Structure of a Transaction - Careful what you choose




Whilst the particulars of this SAT decision revolves around the nature of property held under a partnership and trust arrangements – the issue I see worth considering is the importance of the structure or steps in drafting agreements to reflect the transaction. It may have been possible to proceed with an agreement to distribute and follow the requirements for nominal assessments under the WA Duties Act.

In summary, as described in the judgement…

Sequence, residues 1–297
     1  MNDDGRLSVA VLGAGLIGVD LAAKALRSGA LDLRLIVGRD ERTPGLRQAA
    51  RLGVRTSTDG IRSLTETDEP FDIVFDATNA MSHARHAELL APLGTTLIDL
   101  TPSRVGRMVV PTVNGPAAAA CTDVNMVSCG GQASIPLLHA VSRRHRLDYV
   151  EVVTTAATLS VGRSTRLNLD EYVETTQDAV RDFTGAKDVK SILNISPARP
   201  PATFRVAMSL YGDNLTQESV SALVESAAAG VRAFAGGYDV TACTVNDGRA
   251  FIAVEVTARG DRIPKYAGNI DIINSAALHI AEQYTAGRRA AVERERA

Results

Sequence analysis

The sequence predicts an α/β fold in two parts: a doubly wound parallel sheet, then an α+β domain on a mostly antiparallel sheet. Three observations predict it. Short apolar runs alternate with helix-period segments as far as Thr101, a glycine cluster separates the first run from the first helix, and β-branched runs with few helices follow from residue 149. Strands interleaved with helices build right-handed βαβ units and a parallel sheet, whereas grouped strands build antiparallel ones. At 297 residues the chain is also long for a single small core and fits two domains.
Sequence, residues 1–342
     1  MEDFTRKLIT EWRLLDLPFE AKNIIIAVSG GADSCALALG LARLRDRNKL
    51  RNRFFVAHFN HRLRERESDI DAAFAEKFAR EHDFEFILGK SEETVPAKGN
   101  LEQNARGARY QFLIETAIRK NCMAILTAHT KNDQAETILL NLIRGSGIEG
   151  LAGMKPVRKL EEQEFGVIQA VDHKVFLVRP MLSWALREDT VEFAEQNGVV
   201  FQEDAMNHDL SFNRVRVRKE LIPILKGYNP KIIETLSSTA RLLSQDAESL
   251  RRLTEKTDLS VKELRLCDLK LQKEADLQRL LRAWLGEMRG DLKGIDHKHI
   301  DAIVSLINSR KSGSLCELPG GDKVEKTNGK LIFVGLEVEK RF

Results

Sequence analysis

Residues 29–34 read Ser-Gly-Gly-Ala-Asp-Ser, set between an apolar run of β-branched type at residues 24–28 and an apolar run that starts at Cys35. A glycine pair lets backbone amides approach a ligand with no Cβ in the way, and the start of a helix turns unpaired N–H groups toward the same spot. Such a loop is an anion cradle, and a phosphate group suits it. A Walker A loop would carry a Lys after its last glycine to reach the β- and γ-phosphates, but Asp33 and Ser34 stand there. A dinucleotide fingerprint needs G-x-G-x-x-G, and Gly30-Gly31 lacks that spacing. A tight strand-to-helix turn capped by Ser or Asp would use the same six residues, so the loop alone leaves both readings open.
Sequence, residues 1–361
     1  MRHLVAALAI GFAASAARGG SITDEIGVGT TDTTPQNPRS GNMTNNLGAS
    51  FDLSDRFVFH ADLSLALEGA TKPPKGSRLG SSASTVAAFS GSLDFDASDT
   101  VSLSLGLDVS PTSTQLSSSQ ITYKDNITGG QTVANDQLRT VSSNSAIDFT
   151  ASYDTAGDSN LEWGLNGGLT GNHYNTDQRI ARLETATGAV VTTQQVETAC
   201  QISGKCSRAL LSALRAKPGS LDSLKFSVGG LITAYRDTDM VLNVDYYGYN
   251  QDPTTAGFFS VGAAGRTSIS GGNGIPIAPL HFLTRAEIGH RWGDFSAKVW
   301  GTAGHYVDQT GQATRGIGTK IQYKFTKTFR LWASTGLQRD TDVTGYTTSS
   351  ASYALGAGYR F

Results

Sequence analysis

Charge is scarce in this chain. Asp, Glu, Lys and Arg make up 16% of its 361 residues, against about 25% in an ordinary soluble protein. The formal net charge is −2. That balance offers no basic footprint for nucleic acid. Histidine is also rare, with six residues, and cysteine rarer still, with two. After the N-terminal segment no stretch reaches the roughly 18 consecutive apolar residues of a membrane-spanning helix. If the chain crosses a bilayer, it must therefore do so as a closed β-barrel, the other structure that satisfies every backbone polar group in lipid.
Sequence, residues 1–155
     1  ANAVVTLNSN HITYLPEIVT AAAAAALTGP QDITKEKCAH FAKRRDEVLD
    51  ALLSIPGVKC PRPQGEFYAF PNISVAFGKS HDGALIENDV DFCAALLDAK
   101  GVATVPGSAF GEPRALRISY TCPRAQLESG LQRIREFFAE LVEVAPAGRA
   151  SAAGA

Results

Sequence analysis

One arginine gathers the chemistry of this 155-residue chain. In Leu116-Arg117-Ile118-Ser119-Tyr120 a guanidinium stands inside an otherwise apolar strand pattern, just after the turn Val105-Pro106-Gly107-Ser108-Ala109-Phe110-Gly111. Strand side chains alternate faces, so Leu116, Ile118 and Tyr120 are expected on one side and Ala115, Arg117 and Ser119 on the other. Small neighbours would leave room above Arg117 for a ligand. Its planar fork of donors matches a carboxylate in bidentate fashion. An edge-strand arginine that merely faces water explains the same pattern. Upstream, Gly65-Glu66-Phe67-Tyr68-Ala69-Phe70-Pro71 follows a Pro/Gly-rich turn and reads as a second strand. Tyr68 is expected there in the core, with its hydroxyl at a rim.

“Those properties were the partnership property of the Scolaro Investment Company Partnership, the partners of which were Anthony, Maria and their children. They were also registered proprietors of property in Northbridge, Nedlands and Osborne Park, those being the partnership property of the A & MMR Scolaro Partnership. The partners of that partnership were Anthony and Maria only. ,Anthony Scolaro passed away in February 2011, and both partnerships dissolved. In September 2011, Maria Scolaro became the sole registered proprietor of the relevant properties.,In 2013, Maria Scolaro executed two deeds in relation to the winding up of respectively, the SICP and AMSP Partnerships. The deeds each stated that Maria Scolaro held the relevant properties on trust for the former partners (or the former partner’s deceased estates) of each of the partnerships. Maria Scolaro then transferred the relevant properties to a new trustee company (the applicant in this matter).,Both 2013 deeds were lodged with the respondent for the assessment of duty, along with the transfer of land to the applicant. The respondent issued the applicant with a duties assessment notice, against which the applicant lodged an objection. The Commissioner allowed the objection, but only in part, and the applicant sought a review of the Commissioner’s decision at the Tribunal.,The issue before the Tribunal comprised a narrow legal question. The applicant said that, on dissolution of the relevant partnerships, the former partners had an identifiable beneficial interest in the land. It therefore argued that the 2013 deeds executed by Maria Scolaro merely confirmed that the land continued to be held on trust, and were not ‘declarations of trust’ for the purposes of assessing duty. The Commissioner, on the other hand, considered that the 2013 deeds were new declarations of trust and as such attracted duty.,The Tribunal considered both the applicant’s and respondent’s arguments and the relevant principles in relation to the nature of partnership property. The Tribunal concluded that the 2013 deeds created new equitable interests in the partnership properties, and therefore attracted duty.,The applicant also said that, if the 2013 deeds were found to be declarations of trust, then a reduction in duty should be allowed under s 78 of the Duties Act 2008 (WA). The Tribunal also rejected this argument.,The applicant’s application was dismissed.”

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